The Innova 5610 model allows you to diagnose your vehicle with ease. This model, named Best for Diagnostics by the Gear Team, offers numerous features like graphing, testing functions, bidirectional controls, and diagnostic guidance.
Innova is a major player in the OBD-II arena, offering various models to suit your needs. While software capabilities may differ, all models share user-friendly navigation buttons. During testing, the Gear Team successfully conducted a range of tests including compression, ABS bleeding, and EV/hybrid battery assessments. While this scanner is definitely on the higher side pricewise, it's well worth the investment.
The Motopower MP69033 is an ideal choice for beginners. It offers straightforward access to essential data such as DTCs, freeze frame data, engine speed, and coolant temperature through a user-friendly interface. The Gear Team named this its Best Budget scanner, and we agree. At this price point, it's a great choice.
While it may not be the most advanced option, its simplicity is an advantage for understanding your vehicle's engine modules. This is a great solution for those dealing with the occasional low-risk codes and just need the codes to be cleared occasionally.
Bluetooth OBD-II Scanner
FIXD is a popular option for an affordable Bluetooth scanner. The Gear Team acknowledged the FIXD's potential but noted that most of its premium content is behind a paywall.
At the base level, the FIXD provides scanning and code deletion functions, so it'll do the job for most of us. However, advanced features and insight, like mechanic's tips and a handy repair cost calculator, are accessible only through a subscription.
The Autel MS906Pro TS stands out as the ultimate OBD-II scanner, boasting an impressive array of advanced features such as ECU coding and bidirectional control. It's tailored for professionals and probably isn't necessary for the average consumer.
Still, if you know a technician who's passionate about diagnostics and has expressed interest in owning a top-notch scanner, the Autel MS906Pro TS makes an excellent gift. This tool not only will delight them, but it will also enhance their productivity and income, making it a valuable investment in the right hands.
Where is my OBD-II port located?
The most common location for the OBD-II port is in the driver's footwell, to the left of the steering column. Depending on the make of the vehicle, they may be deeper into the well and not immediately obvious. You may have to squeeze into the footwell a bit to find it, but rest assured, it is there.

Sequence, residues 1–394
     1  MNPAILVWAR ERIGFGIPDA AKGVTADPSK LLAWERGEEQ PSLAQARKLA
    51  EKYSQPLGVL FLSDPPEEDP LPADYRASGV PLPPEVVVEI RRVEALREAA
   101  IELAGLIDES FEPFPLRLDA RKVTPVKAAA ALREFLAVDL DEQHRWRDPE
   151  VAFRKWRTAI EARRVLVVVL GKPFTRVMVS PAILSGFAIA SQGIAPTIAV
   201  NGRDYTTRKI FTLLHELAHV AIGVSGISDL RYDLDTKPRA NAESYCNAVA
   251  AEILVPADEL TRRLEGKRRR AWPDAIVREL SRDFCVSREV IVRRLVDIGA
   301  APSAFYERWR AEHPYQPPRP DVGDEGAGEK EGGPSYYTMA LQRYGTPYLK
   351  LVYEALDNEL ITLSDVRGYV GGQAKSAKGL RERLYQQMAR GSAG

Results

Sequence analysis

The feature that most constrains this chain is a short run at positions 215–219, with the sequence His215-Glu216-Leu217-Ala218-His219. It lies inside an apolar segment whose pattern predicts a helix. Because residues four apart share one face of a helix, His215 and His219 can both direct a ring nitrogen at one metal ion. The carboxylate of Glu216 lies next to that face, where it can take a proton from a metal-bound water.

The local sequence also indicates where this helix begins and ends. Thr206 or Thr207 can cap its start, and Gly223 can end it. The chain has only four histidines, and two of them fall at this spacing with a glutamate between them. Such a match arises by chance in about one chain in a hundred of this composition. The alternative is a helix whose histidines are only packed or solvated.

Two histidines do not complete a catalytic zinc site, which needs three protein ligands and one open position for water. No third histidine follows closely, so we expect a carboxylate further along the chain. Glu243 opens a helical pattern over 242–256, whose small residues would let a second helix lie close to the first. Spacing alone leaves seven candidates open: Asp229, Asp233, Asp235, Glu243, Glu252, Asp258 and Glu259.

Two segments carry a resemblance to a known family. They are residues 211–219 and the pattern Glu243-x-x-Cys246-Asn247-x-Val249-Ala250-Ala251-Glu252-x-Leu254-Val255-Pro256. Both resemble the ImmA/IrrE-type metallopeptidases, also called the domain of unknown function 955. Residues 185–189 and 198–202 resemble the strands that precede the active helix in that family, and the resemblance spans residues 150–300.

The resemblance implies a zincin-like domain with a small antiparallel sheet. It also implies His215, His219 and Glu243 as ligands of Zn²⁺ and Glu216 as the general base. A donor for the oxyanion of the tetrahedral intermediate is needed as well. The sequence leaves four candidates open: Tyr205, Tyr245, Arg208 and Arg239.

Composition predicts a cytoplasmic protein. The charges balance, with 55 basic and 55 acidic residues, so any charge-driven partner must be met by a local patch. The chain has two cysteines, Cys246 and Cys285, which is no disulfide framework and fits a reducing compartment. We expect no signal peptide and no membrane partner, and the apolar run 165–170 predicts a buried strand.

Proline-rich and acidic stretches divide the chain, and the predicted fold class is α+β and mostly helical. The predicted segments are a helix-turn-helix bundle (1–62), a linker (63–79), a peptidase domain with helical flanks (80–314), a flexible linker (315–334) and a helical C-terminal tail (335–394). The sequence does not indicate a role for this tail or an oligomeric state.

How Do I Use My OBD-II Scanner?
First, locate the port. Second, plug the scanner into the port. Third, turn the key to the "on" position while the engine remains off. Fourth, let the scanner pull the codes. The last steps of navigating the device will vary depending on the scanner.
How Do I Erase the Check Engine Light?
When navigating your scanner, there will be an option to delete the codes. How to do this will depend on the model, but most if not all will have this feature.
How does an OBD-II scanner work?
OBD scanners read your onboard diagnostic system, which oversees important functions of your vehicle. When an issue is detected, the check engine light turns on, at which point you would connect the scanner to read the Diagnostic Trouble Code (DTC).
Can an OBD-II scanner fix my car?
No. Your scanner is a diagnostic tool, not a fix. Much like an X-Ray machine can't fix a broken arm, additional work will need to be done to complete repairs beyond the initial scan.
Why Trust Us
Autoweek and its sibling publications at Hearst Autos represent three of the most influential automotive publications in the world. With the legacies of Autoweek, Car and Driver, and Road & Track behind us, the Hearst Autos Gear Team is more concerned with the trust our readers have in us than our bottom line. We won't tell you to buy something if we wouldn't buy it ourselves or recommend it to our friends, and we'll never claim to have used or tested something if we haven't. We've evaluated dozens of products, from Fuel Injector Cleaners to Portable Tire Inflators.
Our picks and recommendations of products and gear are based on testing and knowledge, not hype. We rely on decades of experience in the automotive and gear spaces to help readers make informed purchasing choices. Read more about our testing process here.